When dopamine is released, it tells the brain that a certain activity is pleasurable, leading to seeking more release of dopamine through the activity. When someone uses benzos, the brain releases artificially produced dopamine. This causes the brain and body to become dependent on this level of dopamine production, which can cause depression and anxiety when a certain level of dopamine production is not achieved. Long-term benzodiazepine use and abuse can lead to changes in the reward center of the brain that can be extremely difficult to reverse. 

Signs of Benzodiazepine Abuse

Knowing what signs of benzo abuse to look out for in a loved one can be helpful if there are questions on whether someone is struggling or not. These signs can be indicative of a potential problem, prompting the question of whether or not someone needs help. Enlightened Recovery is available to help those struggling with benzo abuse and addiction. 

The signs of potential benzo abuse can include: 

  • Hiding or lying about usage
  • Taking larger doses than prescribed
  • Seeing multiple doctors to obtain prescriptions, or doctor shopping
  • Isolation
  • Neglecting work or school responsibilities
  • Muscle weakness
  • Headaches
  • Changes in mood and behaviors
  • Increased confusion
  • Drug seeking behaviors
  • Slowed reaction time
  • Impaired memory
  • Increased anxiety
  • Depression
  • Irritability and hostility
  • Mood swings
  • Withdrawal symptoms when unable to take benzos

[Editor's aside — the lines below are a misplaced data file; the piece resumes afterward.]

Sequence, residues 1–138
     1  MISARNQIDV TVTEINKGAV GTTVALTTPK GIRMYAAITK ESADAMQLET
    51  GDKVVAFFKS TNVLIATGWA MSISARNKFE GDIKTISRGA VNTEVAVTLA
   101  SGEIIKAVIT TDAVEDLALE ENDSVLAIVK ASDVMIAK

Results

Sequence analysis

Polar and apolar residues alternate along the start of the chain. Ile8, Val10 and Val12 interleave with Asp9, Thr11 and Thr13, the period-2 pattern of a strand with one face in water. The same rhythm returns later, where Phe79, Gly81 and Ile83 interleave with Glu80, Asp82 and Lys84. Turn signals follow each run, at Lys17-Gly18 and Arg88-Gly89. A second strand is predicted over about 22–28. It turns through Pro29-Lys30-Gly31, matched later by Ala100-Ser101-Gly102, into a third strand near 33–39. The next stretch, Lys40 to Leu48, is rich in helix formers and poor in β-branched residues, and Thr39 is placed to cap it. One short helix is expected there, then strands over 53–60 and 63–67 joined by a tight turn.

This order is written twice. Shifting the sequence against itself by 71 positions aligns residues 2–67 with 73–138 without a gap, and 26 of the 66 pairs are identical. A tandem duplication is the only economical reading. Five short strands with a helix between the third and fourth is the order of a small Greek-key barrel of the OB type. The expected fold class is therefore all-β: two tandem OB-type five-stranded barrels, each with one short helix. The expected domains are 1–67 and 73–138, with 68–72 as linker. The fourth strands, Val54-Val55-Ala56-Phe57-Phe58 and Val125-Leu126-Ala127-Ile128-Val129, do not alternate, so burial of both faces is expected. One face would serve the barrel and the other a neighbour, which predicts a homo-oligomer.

Watching out for these signs in a loved one can help someone to identify that there potentially is a problem with benzos, and seeking help as soon as possible is highly suggested. Trying to detox and end the abuse alone can be a dangerous undertaking.

It can lead to severe withdrawal symptoms that can lead to devastating results that can include seizures, severe depression and anxiety, nausea, vomiting, and diarrhea. Having proper medical care and support through this process can make is easier on the person going through it, and allow for a more comfortable and safe beginning to recovery.

Recover From Benzodiazepine Addiction

Benzodiazepines are dangerous substances. Using these drugs can lead to changes in someone’s brain, mental health, and overall well being that can be devastatingly impactful. Leading to loss of trust, broken family relationships and potentially death, benzo addiction can be an extremely difficult undertaking.

If you or a loved one are struggling, Enlightened Recovery can help. Our team of professionals is trained in helping those who are struggling to begin healing and working toward a healthier lifestyle. 

Reach out today and begin healing and recovering from benzo addiction.

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Enlightened Recovery is here to help you or your loved one overcome drug and alcohol addiction as well as co-occurring mental health disorders. Our holistic treatment programs treat the whole person in recovery. We have locations in New Jersey, Pennsylvania, and Michigan.